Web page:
It’s About Owning the Correct Stocks

Friday morning’s Payrolls report freaked out the bond market.  But by the end of that day and so far today, stocks don’t seem to care.  When we look deeper into the underlying trends in the equity market, we see that today’s performance is less about the bulk of stocks performing well than the correct stocks doing so.

Considering recent market activity, this is hardly a stretch.  I was asked for a comment shortly after the numbers were released, and here was my take:

From a broad index perspective, that has proven correct.  But when we look more closely, we see that most stocks are lower.  On Friday, NYSE and Nasdaq Composite decliners outpaced advancers by about 3:1.  So far today, as major indices bounced from modest sell-offs, the numbers still decliners outpacing advancers, though by a narrow margin.

We all know that the mega-cap technology stocks that dominate the weighting of both SPX and NDX have led this year’s advance.   In January we posited that “It’s NVDA and Everything Else”, and even while discussing the GameStop (GME) madness, I posited that “it’s NVDA’s market, and we’re all trading in it” (see 2:36 in link).  When we take a look at SPX, which is market cap weighted, versus SPW, the equal-weighted version, we can see how much of a role that market cap is playing in the advance:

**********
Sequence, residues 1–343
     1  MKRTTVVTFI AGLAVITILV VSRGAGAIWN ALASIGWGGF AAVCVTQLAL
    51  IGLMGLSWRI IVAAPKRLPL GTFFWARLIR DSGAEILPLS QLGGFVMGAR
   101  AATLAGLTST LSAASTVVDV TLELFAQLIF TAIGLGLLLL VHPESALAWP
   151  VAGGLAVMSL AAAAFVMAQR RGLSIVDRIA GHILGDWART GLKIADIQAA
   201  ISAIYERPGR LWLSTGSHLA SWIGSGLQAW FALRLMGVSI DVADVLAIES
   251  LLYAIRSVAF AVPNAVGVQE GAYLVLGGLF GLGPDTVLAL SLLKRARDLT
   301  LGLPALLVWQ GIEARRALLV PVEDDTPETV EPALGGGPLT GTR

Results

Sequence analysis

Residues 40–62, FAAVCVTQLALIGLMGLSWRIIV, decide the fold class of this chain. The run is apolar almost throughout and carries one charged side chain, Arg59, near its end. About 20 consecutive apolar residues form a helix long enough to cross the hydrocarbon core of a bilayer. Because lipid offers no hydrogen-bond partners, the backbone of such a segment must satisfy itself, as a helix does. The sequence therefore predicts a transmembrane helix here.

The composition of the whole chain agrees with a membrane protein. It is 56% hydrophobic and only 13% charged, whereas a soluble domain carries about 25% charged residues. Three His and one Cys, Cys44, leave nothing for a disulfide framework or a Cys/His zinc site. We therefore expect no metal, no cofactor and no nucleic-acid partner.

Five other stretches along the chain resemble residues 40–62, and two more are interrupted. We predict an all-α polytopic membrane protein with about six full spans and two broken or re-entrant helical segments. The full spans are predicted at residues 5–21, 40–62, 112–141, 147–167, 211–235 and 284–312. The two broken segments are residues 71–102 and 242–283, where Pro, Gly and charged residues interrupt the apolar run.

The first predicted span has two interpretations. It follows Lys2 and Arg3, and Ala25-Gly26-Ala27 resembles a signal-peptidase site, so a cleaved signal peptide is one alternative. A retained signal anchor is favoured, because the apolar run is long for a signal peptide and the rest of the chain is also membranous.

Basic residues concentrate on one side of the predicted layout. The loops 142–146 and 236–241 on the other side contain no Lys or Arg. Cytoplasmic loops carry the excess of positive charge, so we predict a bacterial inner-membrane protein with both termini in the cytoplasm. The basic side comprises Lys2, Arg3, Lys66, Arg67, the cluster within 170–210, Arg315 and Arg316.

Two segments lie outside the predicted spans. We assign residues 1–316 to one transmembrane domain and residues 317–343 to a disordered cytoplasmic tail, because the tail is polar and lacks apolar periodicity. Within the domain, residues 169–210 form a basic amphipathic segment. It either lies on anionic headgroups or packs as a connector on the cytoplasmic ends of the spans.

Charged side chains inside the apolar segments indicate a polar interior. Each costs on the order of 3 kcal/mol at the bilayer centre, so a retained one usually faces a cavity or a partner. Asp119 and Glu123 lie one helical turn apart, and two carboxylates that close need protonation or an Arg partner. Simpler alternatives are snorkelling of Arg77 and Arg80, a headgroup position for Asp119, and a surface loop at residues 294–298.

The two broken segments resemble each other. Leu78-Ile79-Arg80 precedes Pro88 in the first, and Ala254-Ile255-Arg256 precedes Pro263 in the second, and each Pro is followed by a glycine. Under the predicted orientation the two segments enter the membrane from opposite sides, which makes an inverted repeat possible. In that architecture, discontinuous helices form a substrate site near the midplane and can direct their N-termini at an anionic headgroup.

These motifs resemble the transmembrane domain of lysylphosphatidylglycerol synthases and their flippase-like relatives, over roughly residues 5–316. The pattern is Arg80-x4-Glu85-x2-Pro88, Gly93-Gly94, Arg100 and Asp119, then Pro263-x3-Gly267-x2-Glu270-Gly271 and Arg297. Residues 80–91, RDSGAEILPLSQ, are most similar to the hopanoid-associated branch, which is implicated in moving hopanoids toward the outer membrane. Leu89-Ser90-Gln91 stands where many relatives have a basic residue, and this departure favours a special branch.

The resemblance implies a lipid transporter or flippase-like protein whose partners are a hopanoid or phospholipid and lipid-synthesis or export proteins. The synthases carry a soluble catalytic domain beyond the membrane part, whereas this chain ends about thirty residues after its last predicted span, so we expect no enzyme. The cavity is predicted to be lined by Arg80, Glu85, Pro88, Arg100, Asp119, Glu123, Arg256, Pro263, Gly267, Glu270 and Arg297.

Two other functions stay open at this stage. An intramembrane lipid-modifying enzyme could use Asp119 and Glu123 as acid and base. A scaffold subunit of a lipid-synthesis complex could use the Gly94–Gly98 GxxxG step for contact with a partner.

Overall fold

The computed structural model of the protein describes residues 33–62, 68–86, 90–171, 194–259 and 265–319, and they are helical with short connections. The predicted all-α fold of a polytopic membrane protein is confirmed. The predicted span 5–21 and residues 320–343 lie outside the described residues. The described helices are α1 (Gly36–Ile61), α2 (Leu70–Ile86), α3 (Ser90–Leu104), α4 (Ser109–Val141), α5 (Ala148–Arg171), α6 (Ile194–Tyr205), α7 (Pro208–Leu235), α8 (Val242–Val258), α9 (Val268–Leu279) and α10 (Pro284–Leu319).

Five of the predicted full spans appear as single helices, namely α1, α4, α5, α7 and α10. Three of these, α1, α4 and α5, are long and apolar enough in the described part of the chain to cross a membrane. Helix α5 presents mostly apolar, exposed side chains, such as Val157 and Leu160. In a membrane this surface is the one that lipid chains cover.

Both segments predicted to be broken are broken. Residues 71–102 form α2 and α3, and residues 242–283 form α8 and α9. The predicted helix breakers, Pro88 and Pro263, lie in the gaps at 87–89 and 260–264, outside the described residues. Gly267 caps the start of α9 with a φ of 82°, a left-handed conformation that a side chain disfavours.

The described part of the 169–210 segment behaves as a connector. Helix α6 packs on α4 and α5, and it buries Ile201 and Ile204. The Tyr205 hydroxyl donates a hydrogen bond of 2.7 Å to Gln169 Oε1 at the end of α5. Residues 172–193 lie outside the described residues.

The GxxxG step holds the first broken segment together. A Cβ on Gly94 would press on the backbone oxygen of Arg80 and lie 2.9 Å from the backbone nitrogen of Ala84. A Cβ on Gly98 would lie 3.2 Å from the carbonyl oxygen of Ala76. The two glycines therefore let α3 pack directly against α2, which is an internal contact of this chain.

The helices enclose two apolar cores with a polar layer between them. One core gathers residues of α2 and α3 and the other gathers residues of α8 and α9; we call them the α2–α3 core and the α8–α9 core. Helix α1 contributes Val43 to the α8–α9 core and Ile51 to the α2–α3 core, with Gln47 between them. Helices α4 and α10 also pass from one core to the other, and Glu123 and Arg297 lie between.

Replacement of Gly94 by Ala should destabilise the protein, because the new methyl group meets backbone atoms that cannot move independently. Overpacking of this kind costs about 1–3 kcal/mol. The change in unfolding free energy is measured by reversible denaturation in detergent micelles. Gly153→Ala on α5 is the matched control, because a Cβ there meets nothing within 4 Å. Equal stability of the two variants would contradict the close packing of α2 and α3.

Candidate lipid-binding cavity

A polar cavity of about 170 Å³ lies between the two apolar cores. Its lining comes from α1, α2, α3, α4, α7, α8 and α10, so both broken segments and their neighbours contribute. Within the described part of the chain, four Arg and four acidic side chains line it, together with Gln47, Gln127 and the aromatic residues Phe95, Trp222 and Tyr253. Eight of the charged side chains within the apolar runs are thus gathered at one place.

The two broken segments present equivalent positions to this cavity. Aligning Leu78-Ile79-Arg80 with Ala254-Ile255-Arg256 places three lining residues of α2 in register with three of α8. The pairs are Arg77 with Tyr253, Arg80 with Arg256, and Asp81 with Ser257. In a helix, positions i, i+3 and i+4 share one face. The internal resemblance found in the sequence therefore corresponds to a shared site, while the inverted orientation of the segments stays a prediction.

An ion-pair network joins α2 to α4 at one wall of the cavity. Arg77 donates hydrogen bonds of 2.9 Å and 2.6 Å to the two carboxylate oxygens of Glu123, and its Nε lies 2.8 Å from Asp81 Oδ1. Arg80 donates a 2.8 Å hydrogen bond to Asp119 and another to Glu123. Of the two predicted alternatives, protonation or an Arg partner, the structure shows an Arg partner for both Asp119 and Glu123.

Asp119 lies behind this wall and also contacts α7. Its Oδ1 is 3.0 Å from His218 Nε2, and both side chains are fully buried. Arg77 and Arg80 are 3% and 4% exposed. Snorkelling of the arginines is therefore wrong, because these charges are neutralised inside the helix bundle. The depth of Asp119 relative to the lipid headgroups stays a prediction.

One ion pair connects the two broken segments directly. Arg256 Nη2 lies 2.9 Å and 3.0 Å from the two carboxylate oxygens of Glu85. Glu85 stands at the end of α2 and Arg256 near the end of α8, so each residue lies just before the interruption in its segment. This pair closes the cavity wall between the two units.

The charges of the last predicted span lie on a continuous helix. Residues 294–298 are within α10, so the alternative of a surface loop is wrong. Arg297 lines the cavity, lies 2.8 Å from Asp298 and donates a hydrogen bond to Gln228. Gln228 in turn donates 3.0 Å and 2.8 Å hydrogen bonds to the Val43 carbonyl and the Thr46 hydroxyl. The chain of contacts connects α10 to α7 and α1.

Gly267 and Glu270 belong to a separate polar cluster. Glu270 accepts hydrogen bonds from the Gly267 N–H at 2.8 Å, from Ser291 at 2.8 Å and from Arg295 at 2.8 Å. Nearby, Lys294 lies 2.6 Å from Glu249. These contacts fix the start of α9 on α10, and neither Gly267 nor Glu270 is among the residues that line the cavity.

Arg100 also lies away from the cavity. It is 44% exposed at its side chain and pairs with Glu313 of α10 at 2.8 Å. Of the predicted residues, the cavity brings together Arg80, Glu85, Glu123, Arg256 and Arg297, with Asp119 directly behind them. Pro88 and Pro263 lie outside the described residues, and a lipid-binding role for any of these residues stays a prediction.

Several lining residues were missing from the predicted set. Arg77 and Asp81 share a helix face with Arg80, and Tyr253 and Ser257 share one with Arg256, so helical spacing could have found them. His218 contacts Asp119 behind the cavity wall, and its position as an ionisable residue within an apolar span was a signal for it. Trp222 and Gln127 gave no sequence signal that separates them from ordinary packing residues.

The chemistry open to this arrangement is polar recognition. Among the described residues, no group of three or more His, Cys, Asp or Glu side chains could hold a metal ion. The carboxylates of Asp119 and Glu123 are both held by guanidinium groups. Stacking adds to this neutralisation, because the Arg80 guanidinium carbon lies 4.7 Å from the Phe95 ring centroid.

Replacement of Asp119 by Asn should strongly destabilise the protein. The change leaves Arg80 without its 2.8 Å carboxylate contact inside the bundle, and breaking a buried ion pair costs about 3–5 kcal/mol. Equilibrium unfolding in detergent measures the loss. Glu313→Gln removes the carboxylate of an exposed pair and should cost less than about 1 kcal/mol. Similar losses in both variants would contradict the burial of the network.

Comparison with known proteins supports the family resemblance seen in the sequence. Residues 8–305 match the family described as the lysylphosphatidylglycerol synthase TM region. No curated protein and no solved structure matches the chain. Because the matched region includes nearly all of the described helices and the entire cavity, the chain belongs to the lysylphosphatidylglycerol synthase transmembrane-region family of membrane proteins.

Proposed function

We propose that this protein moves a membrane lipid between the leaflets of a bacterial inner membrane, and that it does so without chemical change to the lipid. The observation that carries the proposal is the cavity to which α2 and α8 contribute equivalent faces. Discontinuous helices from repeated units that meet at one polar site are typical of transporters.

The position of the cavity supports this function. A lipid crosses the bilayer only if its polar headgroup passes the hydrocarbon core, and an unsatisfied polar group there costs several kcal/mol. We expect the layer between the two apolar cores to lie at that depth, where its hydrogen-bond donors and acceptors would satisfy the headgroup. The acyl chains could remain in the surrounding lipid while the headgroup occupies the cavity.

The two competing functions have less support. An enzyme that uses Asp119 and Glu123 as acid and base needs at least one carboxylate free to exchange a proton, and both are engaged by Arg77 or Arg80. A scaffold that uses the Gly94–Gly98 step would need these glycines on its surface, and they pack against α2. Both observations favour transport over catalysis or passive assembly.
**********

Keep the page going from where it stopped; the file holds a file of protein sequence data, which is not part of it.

Year-to-date Normalized Chart, SPW (blue/white candles), SPX (magenta line)

Source: Bloomberg

Even as we managed to skirt the potential pitfall of Friday’s jobs report, the question to consider as we move into a consequential week that features NVDA going ex-split, the Apple (AAPL) Worldwide Developers Conference, a CPI report, and an FOMC meeting, is what happens if any of the key stocks slip up.  A rush to the exits from any, let alone all of the key market drivers, could have profound consequences.   The bulls need to hope that NVDA’s split is not a “sell the news” event (it hasn’t been, at least so far, thanks partly to at least three analysts raising their price targets), that AAPL has good things to offer, and that Fed Chair Powell is his usual Goldilocks self.  If so, the party can continue – at least for those behind the velvet rope.

Size matters for getting into the club.  Note the outperformance of SPX relative to the S&P Midcap (MID) and Smallcap (SML) indices:

Year-to-date Normalized Chart, SPX (white), MID (blue), SML (red)

Source: Bloomberg

As stark as that differential is, especially over the past month, another addition to the chart makes it boldly apparent from where the performance really stems.  The following chart adds in MAGS, the Roundhill Magnificent Seven ETF as a proxy for the high-flying mega cap tech stocks:

Year-to-date Normalized Chart, SPX (white), MID (blue), SML (red), MAGS (purple)

Source: Bloomberg

Can this type of narrow market leadership persist?  We’d better hope so, because if the mega caps in general, and NVDA in particular, falter, then it will take an enormous rotation to keep the broad indices afloat. 

Related: Several Market-Moving Events Loom on the Horizon